Man Enough: Fraternal Intimacy, White Homoeroticism, and Imagined Homogeneity in Mid-Nineteenth-Century American Literature

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"Man Enough" construes mid-nineteenth-century literary representations of sameness as corollaries of the struggle during this volatile era to realize unity among white men. I argue that three canonical authors envision homoerotic or same-sex erotic desire as a mechanism through which men can honor and defend sameness. These authors advert the connotative power of sameness by envisioning or assaying erotic desire between men as democratic. This fraternally conjugal (or conjugally fraternal) union serves as a consequence of the cultural directive to preserve the nation's homogeneity.

In chapter one I reflect upon the circulation of sameness in mid-nineteenth-century America. I provide an overview of the logic of sameness in conceptions of race and then discuss how it textured sexual difference. As historians have recorded, new homosocial spheres led to fraternal intimacy at a time when white men competed in the free market economy. These new forms of friendship were erotically--though not necessarily sexually--charged.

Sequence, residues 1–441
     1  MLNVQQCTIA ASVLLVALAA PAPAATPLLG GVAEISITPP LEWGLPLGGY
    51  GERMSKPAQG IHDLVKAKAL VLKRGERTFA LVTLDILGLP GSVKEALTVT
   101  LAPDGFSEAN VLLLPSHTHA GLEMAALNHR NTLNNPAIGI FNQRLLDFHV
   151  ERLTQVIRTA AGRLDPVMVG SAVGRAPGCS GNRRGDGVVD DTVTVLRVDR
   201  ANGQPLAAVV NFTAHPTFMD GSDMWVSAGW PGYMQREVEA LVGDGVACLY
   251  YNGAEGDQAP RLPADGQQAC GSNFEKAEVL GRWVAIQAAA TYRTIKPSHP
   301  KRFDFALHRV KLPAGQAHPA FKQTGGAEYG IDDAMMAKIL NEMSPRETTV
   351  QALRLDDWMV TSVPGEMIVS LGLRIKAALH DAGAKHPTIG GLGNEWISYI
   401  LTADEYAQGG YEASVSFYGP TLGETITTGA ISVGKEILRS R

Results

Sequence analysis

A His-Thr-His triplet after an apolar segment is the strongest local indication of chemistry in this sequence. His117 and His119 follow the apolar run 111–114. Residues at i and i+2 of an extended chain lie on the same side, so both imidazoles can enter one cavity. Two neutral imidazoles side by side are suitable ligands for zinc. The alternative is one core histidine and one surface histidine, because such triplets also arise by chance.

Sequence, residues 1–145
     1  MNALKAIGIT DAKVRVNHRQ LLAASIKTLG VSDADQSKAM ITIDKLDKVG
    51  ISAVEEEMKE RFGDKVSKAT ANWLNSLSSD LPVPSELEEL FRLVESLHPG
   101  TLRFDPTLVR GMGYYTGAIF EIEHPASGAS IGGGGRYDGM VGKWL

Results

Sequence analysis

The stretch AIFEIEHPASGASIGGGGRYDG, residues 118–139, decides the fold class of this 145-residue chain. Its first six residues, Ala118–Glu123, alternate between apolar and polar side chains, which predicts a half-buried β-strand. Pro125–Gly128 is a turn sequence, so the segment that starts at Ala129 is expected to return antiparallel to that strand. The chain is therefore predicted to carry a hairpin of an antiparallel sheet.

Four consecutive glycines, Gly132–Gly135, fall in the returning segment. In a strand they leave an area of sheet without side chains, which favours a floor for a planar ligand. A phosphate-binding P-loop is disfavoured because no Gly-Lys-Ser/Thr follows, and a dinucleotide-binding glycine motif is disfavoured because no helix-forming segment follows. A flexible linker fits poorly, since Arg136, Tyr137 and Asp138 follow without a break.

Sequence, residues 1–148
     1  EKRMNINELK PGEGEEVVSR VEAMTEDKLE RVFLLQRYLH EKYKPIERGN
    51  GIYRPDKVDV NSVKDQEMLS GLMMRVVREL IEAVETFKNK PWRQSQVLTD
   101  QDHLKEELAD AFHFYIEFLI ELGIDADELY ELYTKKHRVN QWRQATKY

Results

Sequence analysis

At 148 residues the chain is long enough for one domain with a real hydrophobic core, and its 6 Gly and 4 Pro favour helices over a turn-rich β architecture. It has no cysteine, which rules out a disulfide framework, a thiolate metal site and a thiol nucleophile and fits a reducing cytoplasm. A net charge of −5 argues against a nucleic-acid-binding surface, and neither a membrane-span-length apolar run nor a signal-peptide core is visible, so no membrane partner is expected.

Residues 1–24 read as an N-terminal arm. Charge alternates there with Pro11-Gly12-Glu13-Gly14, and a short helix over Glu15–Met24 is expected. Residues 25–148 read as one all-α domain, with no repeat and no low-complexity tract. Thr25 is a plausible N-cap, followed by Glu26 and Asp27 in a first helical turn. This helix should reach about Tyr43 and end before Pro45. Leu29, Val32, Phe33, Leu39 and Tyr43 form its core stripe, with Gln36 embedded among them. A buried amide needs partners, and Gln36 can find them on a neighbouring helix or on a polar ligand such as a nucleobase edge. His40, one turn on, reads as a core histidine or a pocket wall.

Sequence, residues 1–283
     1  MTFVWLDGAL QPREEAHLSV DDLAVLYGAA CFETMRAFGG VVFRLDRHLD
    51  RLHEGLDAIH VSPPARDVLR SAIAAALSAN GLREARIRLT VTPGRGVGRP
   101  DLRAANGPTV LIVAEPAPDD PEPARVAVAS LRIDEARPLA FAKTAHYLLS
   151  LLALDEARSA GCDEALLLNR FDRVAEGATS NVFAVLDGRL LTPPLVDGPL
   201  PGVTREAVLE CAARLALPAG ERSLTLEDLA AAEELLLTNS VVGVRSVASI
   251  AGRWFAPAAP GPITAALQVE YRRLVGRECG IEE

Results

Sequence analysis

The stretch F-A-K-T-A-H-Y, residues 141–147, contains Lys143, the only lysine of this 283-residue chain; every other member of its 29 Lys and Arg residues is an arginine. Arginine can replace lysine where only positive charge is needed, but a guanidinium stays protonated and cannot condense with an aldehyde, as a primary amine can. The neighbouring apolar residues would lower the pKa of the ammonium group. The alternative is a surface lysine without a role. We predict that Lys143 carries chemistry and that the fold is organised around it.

In the second chapter I argue that in <u>The Blithedale Romance</u> Hawthorne represents homoeroticism as effecting strong, yet tender erotic bonds between men that circumvent women and feminizing domesticity. He ultimately registers that same-sex erotic desire imperils male individualism and autonomy since it demands submission.

Chapter three begins with an observation that critics fail to consider how dominant attitudes about race and gender shaped Whitman's representations. Another aspect of his <u>Leaves of Grass</u> that has eluded attention is the prevalence of California in his work. As I argue, Whitman's references to California in his own "Blue Book" copy of the 1860 edition suggest his desire for a racially and sexually homogeneous gay nation.

Herman Melville's <u>Battle-Pieces and Aspects of the War</u> is the focus of my final chapter. In this poetry he underscores that the homosocial martial life of war provided American men with an opportunity to forge fraternal intimacy with one another. Seeking to memorialize the sacrifices of Union soldiers, Melville sentimentalizes their losses so much that his poetry comes across as a homoerotic epic. Melville in <u>Battle-Pieces</u> offers a model of fraternity in which men eroticize racial and gender sameness.